How to help the new kids at school

How to help the new kids at school
How to help the new kids at school

For many people across the country, September marks the start of a new adventure:  starting school, moving up to secondary school, moving into a new school year, or leaving home to go to University.

It’s a time of great anticipation and excitement but also a time of significant change that can cause feelings of uncertainty and anxiety if not managed well.

These days, there is a lot of advice and guidance available to children and young adults making these big transitions.  It’s now quite common for schools to arrange multiple induction days, to assign buddies and mentors, to organise social and team events, and to provide bespoke pastoral care for new students.

Yet, for people starting new jobs, at whatever age or status in life, there is rather more of a sink or swim attitude. 

All too frequently, employers recruit people to ‘save the day’ - to enter the organisation fully formed with the skills to do the job, even better than their predecessors did.  But when employers place too much emphasis on what a person has already achieved rather than what they have the potential to achieve, they risk leaving to chance that person’s ability to make a successful transition into a new role.

Such blind confidence could have a detrimental impact on how organisations manage induction, orientation and onboarding during the initial months of a new employees experience.  The new employee may feel unsupported, bewildered or overwhelmed which may lead them to quickly decide that they made the wrong career decision; meanwhile the employer may feel let down and disappointed that they didn’t get the results that they had hoped for.  Needless to say, this won’t end well.

So, how can we help the new kids at school?

Induction, orientation and onboarding has got to be about more than having a shiny new pencil case and a full timetable.  The psychological, emotional and personal development of a new employee must also be considered.  That means employers must start thinking about their new recruits as work in progress - an investment in the future - rather than the finished article.

This subtle change of mindset has the potential to transform the way people enter organisations, particularly at a more senior level, when expectations are high and the cost of failure is substantial.

One way of providing the right type of support to a new Manager is to match them with an Executive Coach to help them through their first 90 days.

During this critical period, when the new Manager feels the full weight of expectation, they can meet with the Executive Coach to discuss any problems or opportunities that they are experiencing.  The Executive Coach can help them to manage any frustrations and any feelings of overwhelm that come hand in hand with change, and they can help the Manager to address any characteristics that might be making it harder for them to integrate.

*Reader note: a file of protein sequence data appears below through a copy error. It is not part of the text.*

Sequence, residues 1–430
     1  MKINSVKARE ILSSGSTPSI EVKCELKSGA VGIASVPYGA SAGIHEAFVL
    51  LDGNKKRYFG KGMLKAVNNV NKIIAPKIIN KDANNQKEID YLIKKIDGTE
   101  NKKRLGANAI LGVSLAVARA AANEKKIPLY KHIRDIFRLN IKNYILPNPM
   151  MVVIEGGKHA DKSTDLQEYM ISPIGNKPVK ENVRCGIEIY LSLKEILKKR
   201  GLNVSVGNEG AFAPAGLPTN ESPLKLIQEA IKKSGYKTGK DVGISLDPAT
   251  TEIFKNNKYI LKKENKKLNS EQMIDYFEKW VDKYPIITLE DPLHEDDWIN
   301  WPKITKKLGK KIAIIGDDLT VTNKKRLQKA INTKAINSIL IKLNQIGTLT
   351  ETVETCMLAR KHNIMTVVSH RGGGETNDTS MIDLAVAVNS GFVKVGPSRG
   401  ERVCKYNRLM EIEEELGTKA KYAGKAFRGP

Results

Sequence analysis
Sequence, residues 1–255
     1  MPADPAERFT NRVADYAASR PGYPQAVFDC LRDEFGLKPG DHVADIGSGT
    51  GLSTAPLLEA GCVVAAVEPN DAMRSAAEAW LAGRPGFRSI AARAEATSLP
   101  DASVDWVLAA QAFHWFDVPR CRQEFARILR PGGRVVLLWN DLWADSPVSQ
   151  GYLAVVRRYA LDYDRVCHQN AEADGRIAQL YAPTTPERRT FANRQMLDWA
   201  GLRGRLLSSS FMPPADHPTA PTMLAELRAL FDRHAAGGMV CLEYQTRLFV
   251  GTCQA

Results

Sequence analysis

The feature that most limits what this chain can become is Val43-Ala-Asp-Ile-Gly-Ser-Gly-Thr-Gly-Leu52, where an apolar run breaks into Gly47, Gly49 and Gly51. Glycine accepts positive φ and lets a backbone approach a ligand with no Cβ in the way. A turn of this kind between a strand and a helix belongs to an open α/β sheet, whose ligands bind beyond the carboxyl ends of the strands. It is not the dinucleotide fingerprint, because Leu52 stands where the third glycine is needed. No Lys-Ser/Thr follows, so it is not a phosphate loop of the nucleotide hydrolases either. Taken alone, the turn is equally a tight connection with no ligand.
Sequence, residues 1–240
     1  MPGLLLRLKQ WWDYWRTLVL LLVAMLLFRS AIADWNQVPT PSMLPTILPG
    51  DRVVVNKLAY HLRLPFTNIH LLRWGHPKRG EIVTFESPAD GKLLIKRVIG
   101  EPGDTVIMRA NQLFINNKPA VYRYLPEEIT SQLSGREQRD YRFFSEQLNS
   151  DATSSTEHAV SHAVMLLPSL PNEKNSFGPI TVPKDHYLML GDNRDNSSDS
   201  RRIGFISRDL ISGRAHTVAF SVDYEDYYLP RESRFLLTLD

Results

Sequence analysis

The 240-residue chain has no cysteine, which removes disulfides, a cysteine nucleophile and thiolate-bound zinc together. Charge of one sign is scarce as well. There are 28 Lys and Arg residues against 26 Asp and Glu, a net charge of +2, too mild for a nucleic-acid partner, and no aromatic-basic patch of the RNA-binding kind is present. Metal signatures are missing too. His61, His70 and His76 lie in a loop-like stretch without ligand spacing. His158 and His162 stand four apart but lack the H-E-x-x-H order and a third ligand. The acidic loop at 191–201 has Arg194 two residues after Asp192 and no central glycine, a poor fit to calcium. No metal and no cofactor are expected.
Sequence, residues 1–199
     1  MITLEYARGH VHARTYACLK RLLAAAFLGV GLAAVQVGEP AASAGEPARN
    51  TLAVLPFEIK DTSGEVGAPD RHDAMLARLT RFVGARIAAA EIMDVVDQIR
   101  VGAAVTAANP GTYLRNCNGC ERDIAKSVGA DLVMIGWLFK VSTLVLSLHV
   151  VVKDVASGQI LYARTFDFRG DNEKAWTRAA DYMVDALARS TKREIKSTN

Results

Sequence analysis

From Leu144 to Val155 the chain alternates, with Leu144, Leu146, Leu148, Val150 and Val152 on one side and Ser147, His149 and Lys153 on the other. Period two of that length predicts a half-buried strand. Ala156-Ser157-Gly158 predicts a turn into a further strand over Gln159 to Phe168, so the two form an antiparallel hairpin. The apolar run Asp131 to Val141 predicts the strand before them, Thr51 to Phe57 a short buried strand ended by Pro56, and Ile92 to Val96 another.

What’s more, the Executive Coach can also help the Manager to establish personal and professional credibility with their new teams, peers and superiors by helping them to make early commercial wins. The Executive Coach can hold the Manager accountable, they can stretch, push, challenge, cajole and motivate them to achieve their goals in a safe and trusting environment.

The Manager can also utilise their Executive Coaching sessions to talk through new strategies for building effective relationships, and how to identify the key players and influencers that will be instrumental in getting things done fast.

Importantly, by contextualising their experience, the Executive Coach can help the Manager detach from their previous organisation and acquire a clearer understanding of the new organisation’s culture, values and processes so that they can develop strategies that enhance their ability to integrate quickly and effectively into the organisation.

The outcomes of a great Executive Coaching programme will be seen in higher levels of employee retention, wellbeing and engagement, better communication and relationships, and much stronger performance and productivity.

A 90 day Executive Coaching programme can help new Managers to reach their full potential much more quickly than if they were left to their own devices, so that they don’t feel like a new kid at school for very long.

Notion is a global expert in behaviour change.  For more information about how our first class 90 day Executive Coaching programmes, led by some of the UK’s leading Executive Coaches, can transform the experience of new people joining your organisation and help them to make faster, better, more sustainable contributions to your business, click here or call us for an informal chat on +44(0)1926 889 885.

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